Knowing what tribe we descend from can be key to understanding our place in the world. Having some sense of our ancestry tells us about the people and circumstances that brought us into this world. This holds true for a character as well. As with the timeline of their life’s big moments, you may choose to reveal little of your protagonist’s actual family tree. The entire benefit of creating one will likely be for you as the crafter of the character’s psychology. What we can be sure of is that every person and their thinking is somehow shaped by the people in their family – even if the response to one’s relatives is rebelling against them. The degree to which a character’s family influences their current life will be different with every story, but can be a useful tool in helping us understand why a character makes the choices they do. Stories ranging from Knocked Up to Wonder Woman have used family trees to develop the psychology at the center of their narrative.

3. Make Lists About the Character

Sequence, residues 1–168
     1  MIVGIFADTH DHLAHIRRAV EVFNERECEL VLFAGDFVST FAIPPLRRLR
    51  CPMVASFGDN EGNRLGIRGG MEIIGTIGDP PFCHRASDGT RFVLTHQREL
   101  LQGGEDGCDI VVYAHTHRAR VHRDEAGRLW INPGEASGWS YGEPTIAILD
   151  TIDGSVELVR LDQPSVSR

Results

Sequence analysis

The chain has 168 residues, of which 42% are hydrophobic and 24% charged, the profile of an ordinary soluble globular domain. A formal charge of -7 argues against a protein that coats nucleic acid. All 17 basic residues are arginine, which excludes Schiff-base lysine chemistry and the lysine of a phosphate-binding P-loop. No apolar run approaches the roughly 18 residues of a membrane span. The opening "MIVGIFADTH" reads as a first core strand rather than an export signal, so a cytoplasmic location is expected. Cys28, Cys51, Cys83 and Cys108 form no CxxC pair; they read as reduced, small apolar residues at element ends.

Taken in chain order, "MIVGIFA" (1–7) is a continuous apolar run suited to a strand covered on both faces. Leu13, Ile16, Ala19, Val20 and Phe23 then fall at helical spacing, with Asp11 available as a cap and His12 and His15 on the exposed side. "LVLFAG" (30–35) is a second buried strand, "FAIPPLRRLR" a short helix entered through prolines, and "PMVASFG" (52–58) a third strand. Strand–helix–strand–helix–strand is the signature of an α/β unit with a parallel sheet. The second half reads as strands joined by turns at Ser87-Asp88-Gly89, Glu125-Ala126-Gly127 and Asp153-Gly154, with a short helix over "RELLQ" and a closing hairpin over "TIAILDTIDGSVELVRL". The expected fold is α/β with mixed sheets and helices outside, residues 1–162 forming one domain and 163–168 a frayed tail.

Some readers may remember a favorite tome available at their local library called The Book of Lists. More than one writer had the flames of their curiosity stoked by this simple idea that supplied seemingly infinite matters of jest and otherwise useless facts. There can be something powerful about creating lists, however. Certain lists can offer us a great deal of understanding into who a person is. In a memorable episode of The Office, Michael Scott asks Pam Beasley to make sure his magazine subscriptions are forwarded to his new address. The moment offers a ripe opportunity to list the magazines the character subscribes to. Scott’s list not only includes GQ and Maxim, but also Cracked Magazine. The list reveals a great deal about who this character is psychologically. Creating a list of what magazines your character subscribes to, what websites they have bookmarked, or what podcasts they regularly listen to may help you develop their state of mind in moving through the world and may also offer an opportunity to bring this useful information into the story you are writing.